Performance-based assessments of buckling-restrained braced steel frames retrofitted by self-centering shape memory alloy braces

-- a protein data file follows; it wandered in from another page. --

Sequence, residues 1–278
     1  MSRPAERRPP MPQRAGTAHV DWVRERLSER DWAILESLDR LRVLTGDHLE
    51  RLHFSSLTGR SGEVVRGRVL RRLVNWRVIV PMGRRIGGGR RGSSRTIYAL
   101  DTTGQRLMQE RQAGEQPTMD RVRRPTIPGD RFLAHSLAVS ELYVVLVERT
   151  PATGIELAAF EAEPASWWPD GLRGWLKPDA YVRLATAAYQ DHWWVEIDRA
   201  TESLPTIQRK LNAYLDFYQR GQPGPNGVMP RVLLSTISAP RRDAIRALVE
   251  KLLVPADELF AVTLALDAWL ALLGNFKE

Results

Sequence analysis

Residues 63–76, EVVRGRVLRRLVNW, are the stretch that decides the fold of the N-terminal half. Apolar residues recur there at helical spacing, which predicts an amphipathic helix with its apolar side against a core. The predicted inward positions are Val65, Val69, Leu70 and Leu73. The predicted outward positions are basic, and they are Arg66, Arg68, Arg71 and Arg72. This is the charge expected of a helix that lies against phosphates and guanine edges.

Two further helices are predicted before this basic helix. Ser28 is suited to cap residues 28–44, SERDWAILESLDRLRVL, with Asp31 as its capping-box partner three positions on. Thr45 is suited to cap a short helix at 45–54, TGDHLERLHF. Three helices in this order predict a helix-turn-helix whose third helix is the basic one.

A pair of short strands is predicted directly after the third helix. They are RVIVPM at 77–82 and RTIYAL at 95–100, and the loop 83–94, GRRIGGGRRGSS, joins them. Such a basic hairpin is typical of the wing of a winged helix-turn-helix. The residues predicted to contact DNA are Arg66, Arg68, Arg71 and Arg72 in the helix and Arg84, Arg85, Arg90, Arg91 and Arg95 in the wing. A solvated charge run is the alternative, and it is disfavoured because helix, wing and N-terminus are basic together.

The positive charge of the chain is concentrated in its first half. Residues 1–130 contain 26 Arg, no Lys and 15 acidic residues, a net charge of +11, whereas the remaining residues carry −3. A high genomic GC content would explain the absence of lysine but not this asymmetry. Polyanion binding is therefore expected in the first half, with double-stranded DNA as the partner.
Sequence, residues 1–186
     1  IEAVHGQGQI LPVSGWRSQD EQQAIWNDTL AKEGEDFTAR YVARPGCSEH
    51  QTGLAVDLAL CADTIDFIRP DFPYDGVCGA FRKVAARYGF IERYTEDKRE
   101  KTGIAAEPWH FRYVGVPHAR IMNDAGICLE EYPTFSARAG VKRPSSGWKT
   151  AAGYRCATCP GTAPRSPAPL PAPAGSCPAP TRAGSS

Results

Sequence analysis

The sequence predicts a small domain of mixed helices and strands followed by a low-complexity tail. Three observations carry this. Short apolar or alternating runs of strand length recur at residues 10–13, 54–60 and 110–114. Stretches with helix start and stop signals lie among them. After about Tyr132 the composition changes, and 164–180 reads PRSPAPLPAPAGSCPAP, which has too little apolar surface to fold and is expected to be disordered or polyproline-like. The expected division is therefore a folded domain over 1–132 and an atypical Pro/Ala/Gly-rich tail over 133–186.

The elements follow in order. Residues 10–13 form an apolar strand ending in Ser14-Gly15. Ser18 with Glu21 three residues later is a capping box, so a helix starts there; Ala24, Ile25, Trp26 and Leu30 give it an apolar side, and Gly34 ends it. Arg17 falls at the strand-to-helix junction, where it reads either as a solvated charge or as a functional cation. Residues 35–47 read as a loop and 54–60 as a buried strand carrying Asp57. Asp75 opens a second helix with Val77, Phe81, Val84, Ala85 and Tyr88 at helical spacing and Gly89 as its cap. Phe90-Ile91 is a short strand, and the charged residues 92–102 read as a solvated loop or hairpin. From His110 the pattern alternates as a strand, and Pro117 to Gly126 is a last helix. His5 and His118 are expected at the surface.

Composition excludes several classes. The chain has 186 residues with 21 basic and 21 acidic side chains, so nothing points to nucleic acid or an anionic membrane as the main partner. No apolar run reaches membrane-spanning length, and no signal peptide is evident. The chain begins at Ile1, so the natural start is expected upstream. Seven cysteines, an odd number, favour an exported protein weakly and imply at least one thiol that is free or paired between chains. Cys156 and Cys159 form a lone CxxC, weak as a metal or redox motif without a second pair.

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Concrete-filled buckling restrained braces (BRBs) was first developed in 1988 in Tokyo, Japan, to prevent the steel plates in the core portion from buckling, leading the steel core to exhibiting a more stable and fully hysteretic loop than conventional steel braces. However, past studies have shown that buckling restrained braced frames (BRBFs) have a large residual deformation after a median or high seismic event due to steel’s residual strain. In order to address this issue, innovative self-centering SMA braces are proposed and installed in the originally unbraced bays in existing BRBFs to become a hybrid frame system where the existing steel BRBs dissipate energy induced by external forces and the newly added self-centering SMA braces restore the building configuration after the steel BRBs yield. A case study of conventional three-story BRBF retrofitted by the proposed self-centering SMA braces is carried out to develop systematic retrofit strategies, to investigate the structural behavior, and to probabilistically assess their seismic performance in terms of interstory drifts, residual drifts, and brace deformation, as compared to the original steel BRB frames. Finally, the developed brace component fragility curves and system fragility curves will be further used for the assessment of downtime and repair cost.